Louisiana Field Reports: Corn Planting Begins, Slowed by Rain

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Crop Progress and Condition for the Week Ending March 12, 2017.

Comments from Cooperative Extension Service Parish Agents

“Corn planting has begun. Recent rainfall has slowed the process.”
Carol Pinnell -Alison, Franklin Parish

“Periodic showers have kept fields just wet enough to delay corn planting. Burn down has gone out and some fieldwork has taken place. The cooler temperatures that are forecast for next week and wet ground will probably delay planting a little while longer. Sweet potato bedding should begin in the next few weeks. Vegetable producers have greenhouses up and going and transplants are coming along nicely.”
Bruce Garner, West Carroll Parish

“Crop year starting off good. Small showers every week or so have keep ryegrass growing. It is still dry enough for farmers to work some fields and plant rice. More rice should start being planted this coming week if conditions continue to warm.”
James “Jimmy” Meaux, Calcasieu Parish

“Some corn and rice acres have been planted in the recent weeks. However, recent widespread rains and cooler weather have the slow field work in these areas. Crawfish seem to be plentiful with somewhat steady prices. A bright spot in the cattle market have producers encouraged coming off of some lows from late last summer and fall. Despite a mild weather throughout the winter months, winter pasture plantings held up really well into early spring. Calving season is upon us with plentiful grazing for spring. There is some speculation on spring planted crops as we look to see a possible increase in soybean acres and possible fewer rice acres.”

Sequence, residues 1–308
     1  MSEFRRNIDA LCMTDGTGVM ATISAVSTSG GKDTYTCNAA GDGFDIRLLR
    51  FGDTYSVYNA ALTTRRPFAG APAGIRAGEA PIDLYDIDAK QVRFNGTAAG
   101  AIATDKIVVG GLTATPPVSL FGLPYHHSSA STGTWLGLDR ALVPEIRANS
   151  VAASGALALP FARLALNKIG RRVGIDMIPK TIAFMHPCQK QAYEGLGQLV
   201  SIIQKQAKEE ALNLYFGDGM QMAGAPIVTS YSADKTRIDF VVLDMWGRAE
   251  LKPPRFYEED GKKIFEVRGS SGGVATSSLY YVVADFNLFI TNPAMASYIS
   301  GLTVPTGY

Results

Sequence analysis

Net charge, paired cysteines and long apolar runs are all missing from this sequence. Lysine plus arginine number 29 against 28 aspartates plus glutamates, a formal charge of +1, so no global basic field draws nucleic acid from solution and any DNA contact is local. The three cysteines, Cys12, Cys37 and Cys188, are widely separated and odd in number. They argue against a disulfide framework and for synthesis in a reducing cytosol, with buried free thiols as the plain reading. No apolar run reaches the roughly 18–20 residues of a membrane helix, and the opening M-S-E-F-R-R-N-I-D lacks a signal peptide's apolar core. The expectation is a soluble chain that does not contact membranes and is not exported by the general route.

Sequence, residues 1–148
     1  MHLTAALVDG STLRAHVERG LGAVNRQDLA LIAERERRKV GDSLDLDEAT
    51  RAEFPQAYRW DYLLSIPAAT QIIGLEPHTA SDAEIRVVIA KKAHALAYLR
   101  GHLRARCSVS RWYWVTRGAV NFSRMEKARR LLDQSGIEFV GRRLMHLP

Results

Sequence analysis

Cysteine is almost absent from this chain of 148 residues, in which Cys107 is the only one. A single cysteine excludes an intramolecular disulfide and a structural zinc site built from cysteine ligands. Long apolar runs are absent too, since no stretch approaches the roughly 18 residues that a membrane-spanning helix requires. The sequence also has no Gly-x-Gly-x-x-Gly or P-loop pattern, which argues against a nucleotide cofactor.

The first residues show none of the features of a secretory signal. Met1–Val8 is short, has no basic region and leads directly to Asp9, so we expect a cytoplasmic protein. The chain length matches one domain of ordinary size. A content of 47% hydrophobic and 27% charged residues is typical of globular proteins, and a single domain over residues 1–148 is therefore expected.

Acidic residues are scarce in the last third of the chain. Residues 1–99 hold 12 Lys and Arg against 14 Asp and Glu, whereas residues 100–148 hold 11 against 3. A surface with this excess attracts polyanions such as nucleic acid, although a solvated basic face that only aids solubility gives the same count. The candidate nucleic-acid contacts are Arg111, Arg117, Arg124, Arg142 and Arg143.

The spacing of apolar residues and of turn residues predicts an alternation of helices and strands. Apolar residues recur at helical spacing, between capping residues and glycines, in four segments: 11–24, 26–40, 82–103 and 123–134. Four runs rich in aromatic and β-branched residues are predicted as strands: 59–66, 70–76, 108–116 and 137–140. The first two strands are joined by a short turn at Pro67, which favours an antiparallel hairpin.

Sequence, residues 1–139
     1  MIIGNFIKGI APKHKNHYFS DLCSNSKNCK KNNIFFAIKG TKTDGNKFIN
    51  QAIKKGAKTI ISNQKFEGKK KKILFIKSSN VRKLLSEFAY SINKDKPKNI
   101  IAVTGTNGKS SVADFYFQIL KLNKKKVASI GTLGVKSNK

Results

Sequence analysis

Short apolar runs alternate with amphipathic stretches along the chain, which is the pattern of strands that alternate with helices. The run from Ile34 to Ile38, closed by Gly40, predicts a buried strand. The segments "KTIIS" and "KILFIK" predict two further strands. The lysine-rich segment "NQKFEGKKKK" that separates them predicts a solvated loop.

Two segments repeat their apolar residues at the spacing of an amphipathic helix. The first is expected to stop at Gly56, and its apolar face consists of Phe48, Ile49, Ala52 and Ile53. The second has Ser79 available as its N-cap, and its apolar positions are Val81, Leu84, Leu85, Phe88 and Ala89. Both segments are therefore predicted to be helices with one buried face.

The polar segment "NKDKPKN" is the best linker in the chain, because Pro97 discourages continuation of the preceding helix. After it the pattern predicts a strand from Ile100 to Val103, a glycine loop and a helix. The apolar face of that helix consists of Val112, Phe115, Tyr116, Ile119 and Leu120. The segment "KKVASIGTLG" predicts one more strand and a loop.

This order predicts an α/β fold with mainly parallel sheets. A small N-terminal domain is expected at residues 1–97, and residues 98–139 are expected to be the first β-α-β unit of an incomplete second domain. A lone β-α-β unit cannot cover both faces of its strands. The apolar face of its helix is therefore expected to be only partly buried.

Vincent Deshotel, Saint Landry Parish

“Rice has been planted little by little the last couple of weeks. As farmers push to drill plant, rain seems to back them up every other day. With the semi mild winter, cattle are holding their own with spring calves hitting the ground and growing.”
Bradley Pousson, Cameron Parish

“Field work and crop progress continue to advance a couple of weeks ahead of schedule due to warm and relatively dry conditions. An abundant crawfish catch is suppressing prices. Cattle producers are making the final application of fertilizer to cool season pastures to extend grazing and possibly to make hay. Pruning and fertilizing of fruit trees is in full swing along with spring garden planting. Some weak sugarcane stubble is being plowed out and some growers are starting to apply fertilizer.”
Stuart Gauthier, Saint Martin Parish

General Comments

According to the National Agricultural Statistics Service in Louisiana, there were 2.8 days suitable for fieldwork for the week ending Sunday, March 12, 2017. Low temperatures ranged from 42.5 degrees Fahrenheit at Farmerville to 62.7 degrees Fahrenheit at Galliano.

Highs ranged from 62.0 degrees Fahrenheit at Farmerville to 77.0 degrees Fahrenheit at Alexandria. Scattered rainfall was received throughout the state, with the Southeast part of the state recording the highest average of rain concentration at 1.89 inches.

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